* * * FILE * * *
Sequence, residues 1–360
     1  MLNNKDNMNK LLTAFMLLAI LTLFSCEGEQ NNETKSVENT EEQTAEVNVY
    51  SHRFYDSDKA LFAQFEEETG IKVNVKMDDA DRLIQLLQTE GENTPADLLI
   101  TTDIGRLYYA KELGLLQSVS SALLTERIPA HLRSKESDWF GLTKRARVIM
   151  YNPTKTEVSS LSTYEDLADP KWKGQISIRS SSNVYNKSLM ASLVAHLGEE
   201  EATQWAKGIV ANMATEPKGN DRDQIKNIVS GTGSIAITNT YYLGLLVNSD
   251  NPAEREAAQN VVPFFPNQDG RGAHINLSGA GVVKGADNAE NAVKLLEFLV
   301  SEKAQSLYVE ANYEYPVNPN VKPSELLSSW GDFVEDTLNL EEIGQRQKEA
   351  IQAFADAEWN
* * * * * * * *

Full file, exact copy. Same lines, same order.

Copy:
Sequence, residues 1–360
     1  MLNNKDNMNK LLTAFMLLAI LTLFSCEGEQ NNETKSVENT EEQTAEVNVY
    51  SHRFYDSDKA LFAQFEEETG IKVNVKMDDA DRLIQLLQTE GENTPADLLI
   101  TTDIGRLYYA KELGLLQSVS SALLTERIPA HLRSKESDWF GLTKRARVIM
   151  YNPTKTEVSS LSTYEDLADP KWKGQISIRS SSNVYNKSLM ASLVAHLGEE
   201  EATQWAKGIV ANMATEPKGN DRDQIKNIVS GTGSIAITNT YYLGLLVNSD
   251  NPAEREAAQN VVPFFPNQDG RGAHINLSGA GVVKGADNAE NAVKLLEFLV
   301  SEKAQSLYVE ANYEYPVNPN VKPSELLSSW GDFVEDTLNL EEIGQRQKEA
   351  IQAFADAEWN